Once again, Austin Energy has reduced solar incentives with less than 2 hours notice. This time, the changes will impact both residential and commercial customers.
As of 3pm today, the rebate for a residential solar installation is $1.10 per watt (down from $1.25) and the commercial performance based incentive (PBI) is $0.09 per kilowatt-hour (kWh) (down from $0.10).
You might well be asking why Austin Energy made these changes and why so suddenly.
The memo released by Austin Energy indicates that the decrease in the residential rebate was made because Austin Energy wanted to make sure that it didn’t exceed it’s budget for such rebates (the fiscal year ends in September). On the face, that sounds like a responsible move, but there was another option. Austin Energy could have reasonably anticipated this budget shortfall because the same thing happened last year. It could have requested a larger solar rebate budget instead of trying to cut that budget by about 42% (a proposal that was changed due to public outcry).
The reason stated for reducing the commercial PBI is that Austin Energy doesn’t want to make commitments now that would force it to exceed it’s planned FY2015 budget. PBI incentives are paid for each kWh for 10 years, so this kind of foresight is needed, but, again, another option would be to ask for a larger budget for commercial solar in FY2015.
Before you get to thinking that our answer to everything is just “spend more,” let’s clarify that spending more now could be offset with spending less later and we’d get more solar for every dollar spent.
Here’s why – Right now, and through the end of 2016, the federal government offers a 30% solar investment tax credit. So, for anyone or any business with tax liability, the federal government basically pays you back for 30% of the cost of your solar installation. In essence, Austin Energy is getting a match (about 82%, assuming installations are $3.40/watt, which is what Austin Energy has been reporting as average) for its rebate expenses. When the federal solar tax credit ends after 2016, Austin Energy may find that its solar rebate program isn’t quite as popular and it may need to spend more per watt to keep solar adoption growing, at least for a few years.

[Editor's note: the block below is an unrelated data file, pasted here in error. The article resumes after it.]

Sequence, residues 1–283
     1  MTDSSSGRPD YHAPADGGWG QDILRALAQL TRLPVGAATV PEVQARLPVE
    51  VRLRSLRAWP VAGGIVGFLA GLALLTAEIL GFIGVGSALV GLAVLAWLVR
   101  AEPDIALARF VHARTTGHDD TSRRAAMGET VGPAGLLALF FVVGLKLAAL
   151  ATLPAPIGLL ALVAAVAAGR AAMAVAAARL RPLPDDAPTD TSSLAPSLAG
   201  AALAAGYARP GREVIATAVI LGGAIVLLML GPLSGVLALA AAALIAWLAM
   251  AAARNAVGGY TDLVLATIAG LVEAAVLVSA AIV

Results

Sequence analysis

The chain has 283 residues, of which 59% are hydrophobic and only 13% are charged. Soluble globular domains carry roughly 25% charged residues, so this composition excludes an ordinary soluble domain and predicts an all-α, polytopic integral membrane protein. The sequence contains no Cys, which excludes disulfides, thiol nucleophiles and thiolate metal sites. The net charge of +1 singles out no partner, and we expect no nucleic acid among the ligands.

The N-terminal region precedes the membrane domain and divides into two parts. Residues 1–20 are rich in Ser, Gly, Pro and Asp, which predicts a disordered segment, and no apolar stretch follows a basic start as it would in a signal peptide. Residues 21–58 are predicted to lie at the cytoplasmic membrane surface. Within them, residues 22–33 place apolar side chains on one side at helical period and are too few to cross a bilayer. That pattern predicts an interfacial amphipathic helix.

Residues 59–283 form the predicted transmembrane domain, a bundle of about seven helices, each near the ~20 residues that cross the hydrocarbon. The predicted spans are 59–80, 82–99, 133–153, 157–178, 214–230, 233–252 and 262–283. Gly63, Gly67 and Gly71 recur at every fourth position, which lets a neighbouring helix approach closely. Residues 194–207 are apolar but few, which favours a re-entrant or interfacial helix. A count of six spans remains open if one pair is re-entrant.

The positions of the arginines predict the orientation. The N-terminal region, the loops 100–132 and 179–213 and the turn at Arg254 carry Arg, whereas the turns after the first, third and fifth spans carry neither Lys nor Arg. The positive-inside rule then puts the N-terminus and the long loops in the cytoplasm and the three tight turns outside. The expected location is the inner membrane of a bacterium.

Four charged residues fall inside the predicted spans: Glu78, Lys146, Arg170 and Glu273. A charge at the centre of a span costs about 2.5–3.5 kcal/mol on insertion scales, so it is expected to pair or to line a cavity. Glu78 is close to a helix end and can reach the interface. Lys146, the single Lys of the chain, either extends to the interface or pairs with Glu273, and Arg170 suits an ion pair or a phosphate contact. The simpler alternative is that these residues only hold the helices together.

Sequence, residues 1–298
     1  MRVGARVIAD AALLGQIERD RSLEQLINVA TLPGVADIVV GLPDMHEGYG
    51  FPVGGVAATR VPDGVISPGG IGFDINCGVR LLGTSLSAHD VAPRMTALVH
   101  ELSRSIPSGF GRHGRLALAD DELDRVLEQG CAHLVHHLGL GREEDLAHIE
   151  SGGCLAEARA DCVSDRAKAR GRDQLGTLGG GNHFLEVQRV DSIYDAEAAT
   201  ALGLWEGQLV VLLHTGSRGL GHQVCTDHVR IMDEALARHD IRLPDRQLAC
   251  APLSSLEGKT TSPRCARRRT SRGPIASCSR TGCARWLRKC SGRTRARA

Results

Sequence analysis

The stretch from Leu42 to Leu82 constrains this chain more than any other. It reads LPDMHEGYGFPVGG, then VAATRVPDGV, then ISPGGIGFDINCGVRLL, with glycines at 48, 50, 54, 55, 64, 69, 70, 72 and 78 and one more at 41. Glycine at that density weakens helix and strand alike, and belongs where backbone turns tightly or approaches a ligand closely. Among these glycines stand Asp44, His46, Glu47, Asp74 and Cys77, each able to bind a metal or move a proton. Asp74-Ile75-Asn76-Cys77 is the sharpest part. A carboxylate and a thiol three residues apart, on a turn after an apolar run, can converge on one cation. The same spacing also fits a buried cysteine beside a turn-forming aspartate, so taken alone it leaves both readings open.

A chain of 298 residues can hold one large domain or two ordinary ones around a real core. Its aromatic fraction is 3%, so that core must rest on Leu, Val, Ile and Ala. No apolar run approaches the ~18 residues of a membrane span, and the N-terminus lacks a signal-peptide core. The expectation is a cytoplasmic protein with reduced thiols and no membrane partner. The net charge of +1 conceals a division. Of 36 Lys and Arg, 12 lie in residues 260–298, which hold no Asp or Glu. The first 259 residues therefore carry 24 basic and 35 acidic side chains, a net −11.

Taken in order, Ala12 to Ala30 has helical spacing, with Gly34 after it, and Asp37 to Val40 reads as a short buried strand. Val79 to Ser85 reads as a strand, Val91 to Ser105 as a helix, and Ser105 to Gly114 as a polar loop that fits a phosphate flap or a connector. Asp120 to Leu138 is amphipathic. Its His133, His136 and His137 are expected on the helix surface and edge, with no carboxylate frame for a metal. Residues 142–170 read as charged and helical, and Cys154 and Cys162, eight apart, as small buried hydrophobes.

Spending more on solar rebates and the commercial PBI now could provide a buffer that will allow us to spend less in those post solar tax credit years.
Austin Energy says that it must make announcements about solar rebate and PBI levels without much notice because there would be a mad rush to get projects in under the higher incentive levels if solar contractors and customers knew ahead of time. There is some logic in that, but what has suffered is any opportunity for public input on changes being made. There is no set formula for reducing rebates, so Austin Energy simply adjusts the levels when and how it see fit. This leaves no room for ensuring that these changes align with the priorities of of the city.
It was less than 2 years ago that payback times for residential solar installations in Austin were bouncing around in the 5 to 6 year range. Now they’re at about 10 years and Austin Energy seems quite content with that change.
One option would be to establish a formulas that could be based on the capacity of residential and commercial solar installations or the average payback time, or some combination that would determine when and how Austin Energy’s incentives would be adjusted.
More importantly though, this problem of adjusting solar incentives to meet artificial budget targets, instead of trying to maximize solar adoption while federal rebates are still available would be minimized if Austin Energy had strong residential and commercial solar goals to achieve. Austin Energy’s overall solar goal should be doubled to 400 megawatts (MW) by 2020. Even more importantly, the local solar goal should be doubled to 200 MW and the residential and commercial solar goal to 100 MW. Only with more ambitious goals will Austin Energy be forced to prioritize the expansion of solar.
You can help make this change happen:
The Austin Generation Resource Planning Task Force, which has the job of making recommendations about Austin Energy’s energy plan for the coming 10 years, has 2 more meetings scheduled – 2:30 pm this Wednesday, June 18, and 2:30 pm next Monday, June 23, both in the bull pen at City Hall. If you care about expanding Austin Energy’s solar goals as a way of keeping its solar programs robust, show up and speak at citizen communication at the start of the meeting. Arrive a few minutes early to sign up because only the first 5 to sign up get to speak. You will be limited to 3 minutes. It won’t take you long and the task force really does want to hear from the public.